FILE TO GO WITH Nepal-Everest-environment-climbing, FOCUS by Deepesh Shrestha (FILES) In this May 19, 2009 file photograph, unidentified mountaineers walk past the Hillary Step while pushing for the summit of Mount Everest as they climb the south face from Nepal. A group of top Nepalese climbers is planning a high-risk expedition to clean up Everest, saying decades of mountaineering have taken their toll on the world's highest peak. "Everest is losing her beauty," seven times Everest summitteer Namgyal Sherpa, 30, told AFP. "The top of the mountain is now littered with oxygen bottles, old prayer flags, ropes, and old tents. At least two dead bodies have been lying there for years now." AFP PHOTO/COURTESY OF PEMBA DORJE SHERPA (Photo credit should read STR/AFP/Getty Images)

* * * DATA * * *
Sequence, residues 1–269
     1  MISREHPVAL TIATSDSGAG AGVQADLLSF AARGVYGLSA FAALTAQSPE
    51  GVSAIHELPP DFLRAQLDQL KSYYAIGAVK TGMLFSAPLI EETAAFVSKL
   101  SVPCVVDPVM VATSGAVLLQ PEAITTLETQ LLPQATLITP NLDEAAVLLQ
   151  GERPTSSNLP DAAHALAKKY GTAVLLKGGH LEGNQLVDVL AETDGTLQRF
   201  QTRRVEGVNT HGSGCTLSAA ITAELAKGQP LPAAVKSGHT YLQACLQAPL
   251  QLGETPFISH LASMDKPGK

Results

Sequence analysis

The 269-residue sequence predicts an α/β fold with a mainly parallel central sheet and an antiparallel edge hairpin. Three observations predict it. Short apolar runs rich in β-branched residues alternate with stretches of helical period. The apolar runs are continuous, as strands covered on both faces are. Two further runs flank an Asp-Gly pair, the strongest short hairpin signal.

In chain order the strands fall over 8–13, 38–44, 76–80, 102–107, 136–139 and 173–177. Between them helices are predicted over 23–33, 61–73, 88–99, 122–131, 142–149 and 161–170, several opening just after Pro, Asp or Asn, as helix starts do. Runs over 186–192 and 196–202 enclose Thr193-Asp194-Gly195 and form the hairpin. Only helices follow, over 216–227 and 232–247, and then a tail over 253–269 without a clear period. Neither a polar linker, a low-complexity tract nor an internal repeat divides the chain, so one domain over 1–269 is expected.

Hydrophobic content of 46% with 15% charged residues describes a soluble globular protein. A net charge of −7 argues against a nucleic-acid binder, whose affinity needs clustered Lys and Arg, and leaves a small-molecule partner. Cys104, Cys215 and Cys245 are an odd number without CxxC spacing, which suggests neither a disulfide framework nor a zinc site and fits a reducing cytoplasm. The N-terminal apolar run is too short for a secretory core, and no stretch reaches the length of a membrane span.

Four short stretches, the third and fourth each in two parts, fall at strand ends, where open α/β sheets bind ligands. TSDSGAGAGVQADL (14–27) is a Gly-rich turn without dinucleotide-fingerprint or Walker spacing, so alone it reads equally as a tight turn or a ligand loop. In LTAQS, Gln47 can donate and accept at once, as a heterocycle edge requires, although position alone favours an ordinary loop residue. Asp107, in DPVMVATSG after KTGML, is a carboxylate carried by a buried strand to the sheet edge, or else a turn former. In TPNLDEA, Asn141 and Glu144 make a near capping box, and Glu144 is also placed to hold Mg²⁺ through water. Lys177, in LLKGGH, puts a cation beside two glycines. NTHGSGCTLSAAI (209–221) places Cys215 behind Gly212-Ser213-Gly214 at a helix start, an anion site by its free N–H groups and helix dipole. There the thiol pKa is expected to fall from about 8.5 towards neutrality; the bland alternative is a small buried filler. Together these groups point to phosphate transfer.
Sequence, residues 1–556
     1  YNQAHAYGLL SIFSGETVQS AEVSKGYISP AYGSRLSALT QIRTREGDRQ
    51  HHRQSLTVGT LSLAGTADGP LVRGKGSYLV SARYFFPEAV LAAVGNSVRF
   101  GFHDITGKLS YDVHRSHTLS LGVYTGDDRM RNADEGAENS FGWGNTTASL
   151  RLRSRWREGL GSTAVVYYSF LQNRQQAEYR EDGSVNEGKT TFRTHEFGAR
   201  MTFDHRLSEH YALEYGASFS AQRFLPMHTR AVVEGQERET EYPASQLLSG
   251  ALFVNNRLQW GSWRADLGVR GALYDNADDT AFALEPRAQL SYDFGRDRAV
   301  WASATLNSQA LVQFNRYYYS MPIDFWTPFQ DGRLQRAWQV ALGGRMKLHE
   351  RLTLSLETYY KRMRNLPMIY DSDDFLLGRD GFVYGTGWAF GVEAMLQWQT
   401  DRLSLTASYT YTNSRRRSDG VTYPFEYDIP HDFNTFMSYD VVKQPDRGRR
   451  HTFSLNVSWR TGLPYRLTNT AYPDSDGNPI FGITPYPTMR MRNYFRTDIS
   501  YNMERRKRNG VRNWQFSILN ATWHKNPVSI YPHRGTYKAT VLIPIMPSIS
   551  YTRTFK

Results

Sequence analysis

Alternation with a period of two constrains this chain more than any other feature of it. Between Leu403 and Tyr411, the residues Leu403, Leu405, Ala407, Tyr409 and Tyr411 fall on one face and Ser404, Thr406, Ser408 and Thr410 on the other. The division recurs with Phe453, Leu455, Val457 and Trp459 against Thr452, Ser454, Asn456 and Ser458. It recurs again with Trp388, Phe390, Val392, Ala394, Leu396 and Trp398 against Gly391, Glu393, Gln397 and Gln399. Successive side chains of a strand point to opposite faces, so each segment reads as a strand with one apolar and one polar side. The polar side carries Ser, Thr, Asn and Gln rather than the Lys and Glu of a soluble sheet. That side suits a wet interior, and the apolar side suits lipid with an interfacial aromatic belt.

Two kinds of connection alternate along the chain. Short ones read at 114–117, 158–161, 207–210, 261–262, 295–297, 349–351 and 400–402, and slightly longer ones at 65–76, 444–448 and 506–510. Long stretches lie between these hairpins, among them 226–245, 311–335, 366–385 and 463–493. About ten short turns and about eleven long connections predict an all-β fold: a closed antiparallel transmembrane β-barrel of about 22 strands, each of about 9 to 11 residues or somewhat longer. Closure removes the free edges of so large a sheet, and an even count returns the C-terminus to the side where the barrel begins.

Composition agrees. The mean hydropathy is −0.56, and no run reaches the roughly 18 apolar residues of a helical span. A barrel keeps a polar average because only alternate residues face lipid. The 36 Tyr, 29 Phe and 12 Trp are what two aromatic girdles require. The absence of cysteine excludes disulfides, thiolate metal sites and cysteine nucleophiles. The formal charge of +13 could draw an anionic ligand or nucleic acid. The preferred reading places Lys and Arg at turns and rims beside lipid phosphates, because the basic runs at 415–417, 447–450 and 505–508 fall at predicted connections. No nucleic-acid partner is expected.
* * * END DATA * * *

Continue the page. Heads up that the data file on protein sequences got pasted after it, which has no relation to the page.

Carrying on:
(Pemba Dorje Sherpa/AFP/Getty Images)
Lhakpa Sherpa has climbed Mount Everest six times, but she’s hardly acknowledged for the historic feat. Writes Grayson Schaffer in Outdoor magazine: “A 2013 ESPN.com article on five-time Everest summiter Melissa Arnot mentioned Lhakpa [only] as an aside, calling Arnot ‘either the most accomplished female Everest climber ever, or the most accomplished non-Sherpa woman.'” Schaffer looks to set the record straight, shining the spotlight on Lhakpa and her tumultuous journey to the world’s highest peak. Read the piece here.